[De Morgan 1] (¬(pq)) \equiv (¬p ∨ ¬q) Push not through and.

[De Morgan 2] (¬(pq)) \equiv (¬p ∧ ¬q) Push not through or.

As given here, each of De Morgan’s laws applies in the case of a conjunction or disjunction of exactly two terms. Suppose that the generalization to n (for any value of n) terms were true:

[Generalized De Morgan 1] (¬(p1 ∧ p2 ∧ p3 ∧ … ∧ pn)) \equiv (¬p1 ∨ ¬p2 ∨ ¬p3 ∨ … ∧ ¬pn)

[Generalized De Morgan 2] (¬(p1 ∨ p2 ∨ p3 ∨ … ∨ pn)) \equiv (¬p1 ∧ ¬p2 ∧ ¬p3 ∧ … ∧ ¬pn)

(Note that we’ve left out a lot of parentheses here. They’re not necessary since both and and or are associative. So we’ve used this more readable form rather than our usual, fully parenthesized one.) It turns out that both of these generalized claims are true. This can be proved straightforwardly using a proof technique called induction that we’ll consider later in this course. For now, assume that they’re true.

Now let’s rewrite our new Generalized De Morgan’s laws using quantifiers. Assume that our domain contains n objects and that P(x) is equivalent to the Boolean expression px. (For example, P(1) and p1 are just two ways of saying the same thing.)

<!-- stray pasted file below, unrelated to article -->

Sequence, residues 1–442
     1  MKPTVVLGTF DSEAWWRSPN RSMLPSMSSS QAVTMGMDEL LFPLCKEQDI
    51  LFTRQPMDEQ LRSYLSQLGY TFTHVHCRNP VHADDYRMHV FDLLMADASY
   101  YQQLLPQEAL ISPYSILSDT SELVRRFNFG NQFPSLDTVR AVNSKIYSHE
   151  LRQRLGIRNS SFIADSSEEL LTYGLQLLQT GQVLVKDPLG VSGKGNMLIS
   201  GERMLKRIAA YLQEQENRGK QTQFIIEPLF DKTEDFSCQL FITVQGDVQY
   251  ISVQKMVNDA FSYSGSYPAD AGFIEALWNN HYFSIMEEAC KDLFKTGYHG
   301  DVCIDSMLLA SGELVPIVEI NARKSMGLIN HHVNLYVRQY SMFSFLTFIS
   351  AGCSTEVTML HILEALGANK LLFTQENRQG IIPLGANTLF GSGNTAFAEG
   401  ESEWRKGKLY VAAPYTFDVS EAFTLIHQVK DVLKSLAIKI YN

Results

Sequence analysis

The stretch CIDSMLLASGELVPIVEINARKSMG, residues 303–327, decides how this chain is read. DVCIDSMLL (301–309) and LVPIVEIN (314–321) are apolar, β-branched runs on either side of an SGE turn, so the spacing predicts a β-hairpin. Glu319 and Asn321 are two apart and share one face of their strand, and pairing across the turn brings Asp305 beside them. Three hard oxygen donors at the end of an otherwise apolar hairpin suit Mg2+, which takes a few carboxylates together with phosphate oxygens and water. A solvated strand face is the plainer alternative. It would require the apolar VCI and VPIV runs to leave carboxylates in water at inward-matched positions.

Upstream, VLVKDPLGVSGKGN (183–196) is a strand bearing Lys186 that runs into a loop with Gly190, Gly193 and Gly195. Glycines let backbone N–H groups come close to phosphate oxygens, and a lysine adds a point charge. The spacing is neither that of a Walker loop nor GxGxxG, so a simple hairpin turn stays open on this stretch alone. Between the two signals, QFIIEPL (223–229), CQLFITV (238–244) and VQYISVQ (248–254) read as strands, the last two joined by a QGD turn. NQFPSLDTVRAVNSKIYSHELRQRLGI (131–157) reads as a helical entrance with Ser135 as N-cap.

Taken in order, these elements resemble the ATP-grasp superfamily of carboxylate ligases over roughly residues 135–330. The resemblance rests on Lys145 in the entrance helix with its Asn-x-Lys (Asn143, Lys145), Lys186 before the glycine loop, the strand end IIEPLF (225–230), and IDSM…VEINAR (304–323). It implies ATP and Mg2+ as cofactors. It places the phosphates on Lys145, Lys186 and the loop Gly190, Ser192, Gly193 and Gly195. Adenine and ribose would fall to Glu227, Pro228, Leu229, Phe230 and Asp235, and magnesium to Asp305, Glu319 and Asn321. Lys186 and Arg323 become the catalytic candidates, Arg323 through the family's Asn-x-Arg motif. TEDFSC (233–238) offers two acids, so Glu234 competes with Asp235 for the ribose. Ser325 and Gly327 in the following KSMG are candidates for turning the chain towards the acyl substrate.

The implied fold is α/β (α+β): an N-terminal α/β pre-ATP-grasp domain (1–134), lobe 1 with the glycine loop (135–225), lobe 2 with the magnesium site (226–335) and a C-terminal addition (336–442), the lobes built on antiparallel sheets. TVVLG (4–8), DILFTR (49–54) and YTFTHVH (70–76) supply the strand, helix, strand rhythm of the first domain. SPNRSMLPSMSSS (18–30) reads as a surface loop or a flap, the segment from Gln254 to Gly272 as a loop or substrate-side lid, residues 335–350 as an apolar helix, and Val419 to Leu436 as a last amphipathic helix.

Look at the left hand side of Generalized De Morgan 1. It’s the not of a large conjunction. Since the universal quantifier ∀ is a shorthand for a large conjunction, we can use it here. Our left hand side becomes:

¬∀x (P(x))

And the right hand side is simply a large disjunction (each term of which happens to be negated). Our shorthand for that is the existential quantifier ∃. So our right hand side becomes:

xP(x))

Putting the two sides together and then doing a similar thing for Generalized De Morgan 2, we get:

[Quantified Generalized De Morgan 1] ¬∀x (P(x)) \equiv ∃xP(x))

[Quantified Generalized De Morgan 2] ¬∃x (P(x)) \equiv ∀xP(x))

Compare these two equivalences to the two Quantifier Exchange rules at the top of this slide. They look the same. There actually is one difference: we derived our Generalized De Morgan rules assuming some finite sized set (we called the size n). The Quantifier Exchange rules at the top of this slide, however, don’t make that assumption. They work for any size set, finite or infinite. That’s why they’re new rules for reasoning in predicate logic. They’re not just another way of writing something that we could have done in our Boolean framework.

So what we see now is that the Quantifier Exchange rules are generalizations to any size set, including infinite ones, of De Morgan’s laws.

Since Quantifier Exchange and De Morgan’s laws do the same thing, we’ll often see that it’s useful to combine them. In particular, if we apply Quantifier Exchange and are able to produce a wff that contains no more quantifiers, we may continue to simplify by treating the wff as a Boolean expression and applying De Morgan’s laws.